In Cosmetic Warriors Limited & Lush Cosmetics Limited v Andrew Gerrie [2017] EWCA Civ 324, the Court of appeal held that the Articles of Association created a statutory contract setting out how the shares had to be valued.  As no provision was made for discounting a minority holding no discount should be applied.

Following a prolongued shareholder dispute, an 11% shareholder left the company. This triggered share transfer provisions in the Articles and the need for a Company Share Valuation.

The Articles provided that in the event of a shareholder leaving the shares could be purchased by the company at an agreed price or at fair value, being the median of two valuations certified by independent chartered accountants calculated on a going concern basis.

The company argued that:

  • Fair value was the value as discounted for a minority holding: a purchaser would be expected to pay less than the pro rata value of the company to reflect the lack of control and marketability of a minority shareholding.
  • Further that the Articles should not be construed as putting an artificial value on the shares; the reference to a going concern basis simply meant not on a (for example) break up basis.

The Court of Appeal disagreed:

  • 'Fair value' in this case could not be a discounted value as the relevant transfer provisions did not distinguish between buying shares from a minority or majority shareholder and the size of the shareholding of a purchasing shareholder would always be unknown. Fair value was therefore a pro rata proportion of the value of the whole equity of each company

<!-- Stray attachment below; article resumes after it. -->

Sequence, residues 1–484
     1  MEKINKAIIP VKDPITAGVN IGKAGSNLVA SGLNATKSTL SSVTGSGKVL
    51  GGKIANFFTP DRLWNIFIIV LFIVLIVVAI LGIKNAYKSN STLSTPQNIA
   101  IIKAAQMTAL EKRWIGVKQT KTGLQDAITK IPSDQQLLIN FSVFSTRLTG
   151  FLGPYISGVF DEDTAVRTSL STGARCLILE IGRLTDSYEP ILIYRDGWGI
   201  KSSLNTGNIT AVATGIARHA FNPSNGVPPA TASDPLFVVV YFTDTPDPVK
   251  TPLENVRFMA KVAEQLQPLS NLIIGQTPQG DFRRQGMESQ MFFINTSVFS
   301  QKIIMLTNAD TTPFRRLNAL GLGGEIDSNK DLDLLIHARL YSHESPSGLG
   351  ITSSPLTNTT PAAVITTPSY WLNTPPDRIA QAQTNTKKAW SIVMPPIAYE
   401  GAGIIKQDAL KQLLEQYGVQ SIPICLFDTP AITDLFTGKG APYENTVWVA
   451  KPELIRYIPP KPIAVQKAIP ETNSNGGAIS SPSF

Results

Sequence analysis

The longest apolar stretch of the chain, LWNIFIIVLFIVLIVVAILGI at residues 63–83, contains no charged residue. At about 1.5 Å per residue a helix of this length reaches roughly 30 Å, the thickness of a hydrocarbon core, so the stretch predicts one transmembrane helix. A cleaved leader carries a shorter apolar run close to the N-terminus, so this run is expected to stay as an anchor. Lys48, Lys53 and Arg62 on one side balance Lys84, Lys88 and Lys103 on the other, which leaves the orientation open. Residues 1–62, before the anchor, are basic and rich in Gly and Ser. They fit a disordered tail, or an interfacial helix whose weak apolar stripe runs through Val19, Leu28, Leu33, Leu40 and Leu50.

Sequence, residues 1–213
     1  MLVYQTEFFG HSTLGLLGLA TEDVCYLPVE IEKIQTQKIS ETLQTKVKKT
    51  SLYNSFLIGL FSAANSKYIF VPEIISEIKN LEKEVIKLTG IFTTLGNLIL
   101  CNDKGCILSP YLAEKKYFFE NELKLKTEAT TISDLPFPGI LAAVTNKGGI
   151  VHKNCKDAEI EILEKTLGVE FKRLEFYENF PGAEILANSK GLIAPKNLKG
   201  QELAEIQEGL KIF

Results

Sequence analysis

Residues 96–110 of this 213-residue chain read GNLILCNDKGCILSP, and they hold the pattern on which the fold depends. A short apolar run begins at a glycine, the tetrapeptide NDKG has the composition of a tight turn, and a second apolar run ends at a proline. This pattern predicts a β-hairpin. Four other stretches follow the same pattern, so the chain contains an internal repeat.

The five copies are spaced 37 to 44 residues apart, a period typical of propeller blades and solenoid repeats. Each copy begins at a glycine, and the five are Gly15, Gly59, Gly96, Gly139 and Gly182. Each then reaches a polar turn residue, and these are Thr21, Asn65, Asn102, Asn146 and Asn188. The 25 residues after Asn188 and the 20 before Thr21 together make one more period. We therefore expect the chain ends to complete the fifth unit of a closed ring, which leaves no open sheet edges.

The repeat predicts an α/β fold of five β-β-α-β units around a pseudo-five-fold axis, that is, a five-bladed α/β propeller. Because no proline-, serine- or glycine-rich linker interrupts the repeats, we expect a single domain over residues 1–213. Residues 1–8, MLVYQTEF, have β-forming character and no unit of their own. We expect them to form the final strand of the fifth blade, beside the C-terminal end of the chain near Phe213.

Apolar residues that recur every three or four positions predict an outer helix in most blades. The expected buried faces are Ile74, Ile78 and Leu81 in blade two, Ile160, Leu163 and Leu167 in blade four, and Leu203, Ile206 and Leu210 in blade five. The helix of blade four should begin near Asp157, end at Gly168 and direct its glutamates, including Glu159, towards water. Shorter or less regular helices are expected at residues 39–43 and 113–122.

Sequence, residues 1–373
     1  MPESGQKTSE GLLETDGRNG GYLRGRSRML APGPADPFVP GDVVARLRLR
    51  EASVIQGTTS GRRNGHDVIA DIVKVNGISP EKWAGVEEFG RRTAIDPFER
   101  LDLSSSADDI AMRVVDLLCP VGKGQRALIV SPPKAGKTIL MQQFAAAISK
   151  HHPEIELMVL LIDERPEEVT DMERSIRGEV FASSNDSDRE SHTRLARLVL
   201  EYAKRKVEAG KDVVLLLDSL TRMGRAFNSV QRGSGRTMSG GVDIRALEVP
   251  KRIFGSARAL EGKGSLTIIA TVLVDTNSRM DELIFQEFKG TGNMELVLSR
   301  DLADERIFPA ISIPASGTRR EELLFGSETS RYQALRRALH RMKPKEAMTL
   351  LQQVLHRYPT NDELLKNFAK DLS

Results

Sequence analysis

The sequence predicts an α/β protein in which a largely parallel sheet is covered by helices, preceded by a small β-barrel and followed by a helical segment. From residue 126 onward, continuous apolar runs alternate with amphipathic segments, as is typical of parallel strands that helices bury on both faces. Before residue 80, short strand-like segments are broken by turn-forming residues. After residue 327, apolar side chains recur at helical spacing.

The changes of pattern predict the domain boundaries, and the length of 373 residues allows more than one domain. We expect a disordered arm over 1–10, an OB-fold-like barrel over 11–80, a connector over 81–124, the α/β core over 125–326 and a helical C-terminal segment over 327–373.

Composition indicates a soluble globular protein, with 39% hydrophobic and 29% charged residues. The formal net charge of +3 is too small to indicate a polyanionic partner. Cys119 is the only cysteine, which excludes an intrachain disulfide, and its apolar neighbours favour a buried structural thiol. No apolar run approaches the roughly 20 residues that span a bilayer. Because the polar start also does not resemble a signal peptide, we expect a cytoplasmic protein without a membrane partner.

• The Articles created a statutory contract and its provisions prevailed.

It was also unclear from the Articles whether the transfer provisions allowed a person, who was a company to buy shares from a departing shareholder.

Even though the Articles did in one place distinguish a company from a person, it was held that in the rest of the Articles a person was defined an individual or a body corporate.


In many cases of shareholder dispute the parties conclude that the cost of legal action outweighs the benefit. This case serves to show that all shareholders should read the Articles and ensure that they understand them: they are a contract. 

This may be appealed further as the Supreme Court held, in Wood v Capital Insurance Services Ltd [2017] UKSC 24, that in the event of rival constructions of a contract weight should be given to the “construction (which) is more consistent with business common sense”.

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Cosmetic Warriors Limited & Lush Cosmetics Limited v Andrew Gerrie [2017] EWCA Civ 324